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Cost and Short Run Production Decisions

Ultimately, we want to be able to understand production so that we can understand the production and supply decisions of sellers.
Sellers' decisions are based on the cost of producing goods or services. Cost, in turn, is based on the ability to produce.

Counting the Cost

The opportunity costs associated with using resources that are owned by a firm (producer), and which don’t involve a money payment, are called implicit costs.

Costs of using resources that must be purchased, and thus require monetary payment are explicit costs.

The implicit (normal) rate of return that must be earned by investors to continue to supply capital to a firm is called the opportunity cost of capital, equal to the amount that could be earned on alternative investments. This is roughly the interest that could be earned if the capital asset owned by the firm were sold, and the funds invested in some other way.

We call the costs that cannot be (or don't need to be) changed in the short run fixed costs.
Fixed costs are the costs associated with capital and similarly fixed inputs (in the short run)

We call the costs that can be changed in the short run when more output is produced variable costs.
Variable costs are the costs associtated with labor and other variable inputs in the short run.

Since only variable costs can change in the short run, all short run decisions are made based solely on variable costs.


But we have different kinds of variable cost which we might want to consider, depending upon the decision we are trying to make.

Suppose a seller is trying to decide whether she can afford to sell a unit of a good at a particular price. If the price a buyer will pay is the only benefit she will receive for selling the good, then she will compare the price to her cost of selling one unit of the good to that buyer.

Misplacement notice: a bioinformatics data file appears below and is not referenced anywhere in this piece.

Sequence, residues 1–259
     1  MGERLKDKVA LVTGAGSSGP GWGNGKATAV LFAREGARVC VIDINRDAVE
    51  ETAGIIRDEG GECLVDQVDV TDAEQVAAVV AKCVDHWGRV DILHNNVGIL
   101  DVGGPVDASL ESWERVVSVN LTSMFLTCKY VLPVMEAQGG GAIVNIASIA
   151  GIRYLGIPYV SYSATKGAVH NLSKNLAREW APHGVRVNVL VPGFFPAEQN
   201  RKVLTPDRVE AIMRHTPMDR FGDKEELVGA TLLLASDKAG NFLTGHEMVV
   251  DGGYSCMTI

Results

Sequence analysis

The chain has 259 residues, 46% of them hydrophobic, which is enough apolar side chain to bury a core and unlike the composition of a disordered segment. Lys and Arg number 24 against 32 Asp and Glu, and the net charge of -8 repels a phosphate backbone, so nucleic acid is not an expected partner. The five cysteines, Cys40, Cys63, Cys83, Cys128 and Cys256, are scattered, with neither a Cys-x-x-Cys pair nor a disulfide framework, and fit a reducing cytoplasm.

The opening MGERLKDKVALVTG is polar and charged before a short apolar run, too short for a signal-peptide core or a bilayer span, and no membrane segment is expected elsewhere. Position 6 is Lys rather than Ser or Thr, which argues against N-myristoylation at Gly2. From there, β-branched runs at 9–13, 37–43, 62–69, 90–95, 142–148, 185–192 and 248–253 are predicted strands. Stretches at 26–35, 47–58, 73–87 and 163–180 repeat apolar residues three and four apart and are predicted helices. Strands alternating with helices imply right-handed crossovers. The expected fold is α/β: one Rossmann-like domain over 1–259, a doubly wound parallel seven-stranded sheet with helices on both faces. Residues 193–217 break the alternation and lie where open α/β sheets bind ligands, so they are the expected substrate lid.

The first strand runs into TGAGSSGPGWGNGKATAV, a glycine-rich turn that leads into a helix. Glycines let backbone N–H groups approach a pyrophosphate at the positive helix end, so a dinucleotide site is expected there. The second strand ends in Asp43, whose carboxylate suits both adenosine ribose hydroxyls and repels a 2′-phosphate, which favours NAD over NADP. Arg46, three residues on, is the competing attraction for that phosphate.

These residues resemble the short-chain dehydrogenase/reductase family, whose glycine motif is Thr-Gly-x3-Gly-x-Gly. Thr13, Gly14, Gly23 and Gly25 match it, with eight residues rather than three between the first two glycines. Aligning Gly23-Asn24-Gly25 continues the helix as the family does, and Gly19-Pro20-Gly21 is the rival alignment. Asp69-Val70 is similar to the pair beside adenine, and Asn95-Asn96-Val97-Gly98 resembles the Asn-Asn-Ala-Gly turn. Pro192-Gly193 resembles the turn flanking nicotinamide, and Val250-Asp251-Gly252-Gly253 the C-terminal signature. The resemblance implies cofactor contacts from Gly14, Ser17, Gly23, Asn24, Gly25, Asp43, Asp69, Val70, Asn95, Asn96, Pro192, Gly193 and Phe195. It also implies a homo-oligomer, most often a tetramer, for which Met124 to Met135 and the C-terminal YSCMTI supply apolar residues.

We call the cost of making and selling one unit of a good the marginal cost.
Marginal cost tells us how much to make. If the price of the good is at least as big as the marginal cost of making one more of the good, then it's worth making and selling that one more unit.

Marginal Cost and Marginal Product

The marginal cost is determined by the marginal product.

For example, if one more unit of labor costs $10 to hire and will make 10 units of output, each of those units of output costs $1. We can thus calculate the cost of each individual (additional) unit of output.

The wage of hiring one more worker divided by the amount of product made by that particular worker will tell us the money cost of one more unit of ouput, or the marginal cost.

wage/marginal product = marginal cost

Another way of looking at this is to say that the marginal cost is the change in spending on labor divided by the change in output that results when one more unit of labor is hired.

Technically, the spending on labor is called the variable cost, if labor is the only variable input.

So, the marginal cost could also be defined as the change in variable cost divided by the change in output.

Using MC for marginal cost, MP for marginal product, and VC for variable cost, we get the following relationships:
or

A Bit Broader View